The Stasi scandal which has threatened Leipzig’s Olympic bid has not abated despite the resignation of two leading members of the German committee. Now the search begins for the person who can save the campaign.
Dirk Thärichen resigned from the Olympic committee after it surfaced he had secret police connections.
The cities of Leipzig and Rostock sought to regain some credibility over the weekend for their scandal-ridden joint Olympic bid by announcing a partnership that the organizing committee hopes will find new managers to save the campaign to host the prestigious sporting event.
Instead of actually naming a successor to the disgraced former head, Dirk Thärichen, the committee announced on Sunday that Thomas Middelhoff, the former chief of media giant Bertelsmann, and Bernd Rauch, the vice president of soccer club Bayern Munich, will coordinate the search for a replacement to lead Leipzig's troubled bid. They hope to have a new chief in place by Nov. 19.
At the same time, the German team unveiled the Leipzig-Rostock campaign logo, a modern take on the Olympic flame in the colors of the five famous rings which adorn the games' flag. It cries "business as normal" but behind the scenes, uncertainty remains a disturbing undercurrent of the German bid.
Schröder announced the winners in April.
The campaign was thrown into turmoil recently when Thärichen, the head of Leipzig's Olympic bid committee, and Harald Lochotzke, the chairman of Rostock's publicly run Olympic marketing committee, resigned over allegations of involvement with the former East German secret police and complicity in a number of financial irregularities.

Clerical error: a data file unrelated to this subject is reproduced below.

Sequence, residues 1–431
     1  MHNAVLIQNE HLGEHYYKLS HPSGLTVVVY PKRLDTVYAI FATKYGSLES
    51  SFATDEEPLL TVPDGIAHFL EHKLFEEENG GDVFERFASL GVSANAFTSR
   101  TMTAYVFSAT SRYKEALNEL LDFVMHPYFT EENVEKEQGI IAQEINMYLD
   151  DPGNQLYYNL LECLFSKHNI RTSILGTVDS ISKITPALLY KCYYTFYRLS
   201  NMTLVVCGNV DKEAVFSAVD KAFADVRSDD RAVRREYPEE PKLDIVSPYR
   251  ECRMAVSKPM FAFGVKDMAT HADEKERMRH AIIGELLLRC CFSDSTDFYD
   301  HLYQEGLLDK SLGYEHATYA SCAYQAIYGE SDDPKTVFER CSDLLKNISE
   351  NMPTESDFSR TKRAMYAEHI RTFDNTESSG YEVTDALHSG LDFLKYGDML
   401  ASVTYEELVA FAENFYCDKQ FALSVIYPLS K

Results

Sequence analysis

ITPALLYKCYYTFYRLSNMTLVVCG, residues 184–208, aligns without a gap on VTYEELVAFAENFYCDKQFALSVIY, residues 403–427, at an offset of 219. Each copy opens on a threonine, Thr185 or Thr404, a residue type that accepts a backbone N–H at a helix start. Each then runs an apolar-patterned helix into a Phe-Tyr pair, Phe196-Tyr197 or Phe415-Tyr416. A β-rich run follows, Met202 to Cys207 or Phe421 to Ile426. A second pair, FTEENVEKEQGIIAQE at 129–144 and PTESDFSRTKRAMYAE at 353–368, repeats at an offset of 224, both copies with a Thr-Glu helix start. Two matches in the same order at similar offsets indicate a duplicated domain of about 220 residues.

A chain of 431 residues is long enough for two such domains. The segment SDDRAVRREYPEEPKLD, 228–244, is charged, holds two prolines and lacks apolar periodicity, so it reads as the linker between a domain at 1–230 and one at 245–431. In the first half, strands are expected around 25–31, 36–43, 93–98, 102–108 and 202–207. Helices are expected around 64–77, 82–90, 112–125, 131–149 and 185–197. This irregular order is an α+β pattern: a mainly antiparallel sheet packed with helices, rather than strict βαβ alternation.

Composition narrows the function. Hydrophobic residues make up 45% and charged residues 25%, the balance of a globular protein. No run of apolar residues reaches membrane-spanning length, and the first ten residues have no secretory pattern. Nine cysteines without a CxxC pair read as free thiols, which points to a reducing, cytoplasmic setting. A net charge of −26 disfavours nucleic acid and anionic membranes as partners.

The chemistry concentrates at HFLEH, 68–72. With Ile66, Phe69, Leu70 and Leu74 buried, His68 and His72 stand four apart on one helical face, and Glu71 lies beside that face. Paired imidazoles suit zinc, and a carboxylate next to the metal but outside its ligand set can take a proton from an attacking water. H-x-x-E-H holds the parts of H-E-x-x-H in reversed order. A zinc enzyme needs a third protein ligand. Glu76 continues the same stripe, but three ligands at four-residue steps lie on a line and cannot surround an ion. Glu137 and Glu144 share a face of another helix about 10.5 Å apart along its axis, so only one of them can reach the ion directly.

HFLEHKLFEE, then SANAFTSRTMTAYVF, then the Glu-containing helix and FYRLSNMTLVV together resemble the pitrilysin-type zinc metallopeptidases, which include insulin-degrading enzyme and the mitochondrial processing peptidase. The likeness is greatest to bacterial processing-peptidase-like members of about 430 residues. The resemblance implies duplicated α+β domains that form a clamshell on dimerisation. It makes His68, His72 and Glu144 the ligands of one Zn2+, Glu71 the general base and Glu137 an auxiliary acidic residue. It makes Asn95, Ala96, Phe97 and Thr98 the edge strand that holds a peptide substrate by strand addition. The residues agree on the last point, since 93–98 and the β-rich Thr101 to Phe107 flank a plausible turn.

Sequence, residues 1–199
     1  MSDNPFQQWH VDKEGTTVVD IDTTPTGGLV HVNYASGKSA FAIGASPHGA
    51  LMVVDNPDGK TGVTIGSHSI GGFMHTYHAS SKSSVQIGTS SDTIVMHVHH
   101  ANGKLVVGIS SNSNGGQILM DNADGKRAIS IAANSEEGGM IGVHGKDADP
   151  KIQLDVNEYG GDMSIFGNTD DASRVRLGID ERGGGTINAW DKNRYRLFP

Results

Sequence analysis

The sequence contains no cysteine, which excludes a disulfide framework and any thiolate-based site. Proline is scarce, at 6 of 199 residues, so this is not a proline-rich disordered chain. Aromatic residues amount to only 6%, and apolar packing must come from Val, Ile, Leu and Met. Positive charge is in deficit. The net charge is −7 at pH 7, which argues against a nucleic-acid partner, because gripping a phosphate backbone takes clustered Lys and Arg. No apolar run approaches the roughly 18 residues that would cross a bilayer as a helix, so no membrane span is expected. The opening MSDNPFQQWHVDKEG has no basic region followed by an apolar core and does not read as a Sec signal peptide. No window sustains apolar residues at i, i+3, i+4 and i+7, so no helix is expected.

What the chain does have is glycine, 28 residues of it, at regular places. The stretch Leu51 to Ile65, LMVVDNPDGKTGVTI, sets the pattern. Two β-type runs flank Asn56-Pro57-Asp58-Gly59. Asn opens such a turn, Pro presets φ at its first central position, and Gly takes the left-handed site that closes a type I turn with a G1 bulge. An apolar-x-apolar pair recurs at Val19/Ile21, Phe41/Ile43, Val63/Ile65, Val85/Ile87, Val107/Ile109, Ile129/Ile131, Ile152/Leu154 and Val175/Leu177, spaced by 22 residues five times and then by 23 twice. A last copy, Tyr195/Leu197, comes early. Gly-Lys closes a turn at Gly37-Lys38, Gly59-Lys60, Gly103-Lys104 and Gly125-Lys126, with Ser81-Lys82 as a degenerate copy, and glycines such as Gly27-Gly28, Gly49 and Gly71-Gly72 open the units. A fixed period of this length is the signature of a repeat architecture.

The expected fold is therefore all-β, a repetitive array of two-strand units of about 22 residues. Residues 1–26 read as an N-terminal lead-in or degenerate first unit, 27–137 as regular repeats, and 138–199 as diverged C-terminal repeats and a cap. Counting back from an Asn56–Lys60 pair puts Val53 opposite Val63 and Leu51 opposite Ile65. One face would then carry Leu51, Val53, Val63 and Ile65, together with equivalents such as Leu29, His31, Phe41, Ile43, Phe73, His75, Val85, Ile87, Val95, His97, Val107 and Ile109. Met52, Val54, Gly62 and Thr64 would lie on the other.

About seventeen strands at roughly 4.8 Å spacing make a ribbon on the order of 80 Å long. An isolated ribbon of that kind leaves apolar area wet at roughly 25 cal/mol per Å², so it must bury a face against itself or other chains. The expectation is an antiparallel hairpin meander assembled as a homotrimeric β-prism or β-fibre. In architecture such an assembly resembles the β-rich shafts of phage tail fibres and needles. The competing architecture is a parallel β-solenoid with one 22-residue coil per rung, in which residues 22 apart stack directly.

Respected men search for new leader
With the smell of scandal still lingering, the German organizing team were in desperate need of a damage control exercise, and the appointment of two respected men to head the search for a successor has been heralded as a step in the right direction.
Interior Minister Otto Schily.
German Interior Minister Otto Schily (photo) outlined the kind of person Middelhoff and Rauch would be looking for: "We are looking for someone with strong management qualities, who knows how to handle public money." But it was what Schily didn’t say that echoed loudest throughout the committee’s halls. As important as strong management is, a past free of the stain of espionage and Stasi secret police organization is just as crucial. The rumours and accusations of an alleged connection between Thärichen, Lochotzke and the secret police have been the primary force threatening to derail the German Olympic bid.
Since reunification in 1989, Germany has been working hard to send out a message of integration, of one country working towards a brighter future. When it was announced in April this year that Leipzig had beaten out competition from Hamburg, Frankfurt, Düsseldorf and Stuttgart to be Germany's official bid city to host the 2012 Games, it was seen as a shot in the arm for the depressed region, which is still struggling to catch up with the more prosperous west more than a decade after reunification.
However, dark shadows associated with the rule of the communist regime and its steroid-fuelled sporting machine continue to plague the eastern states.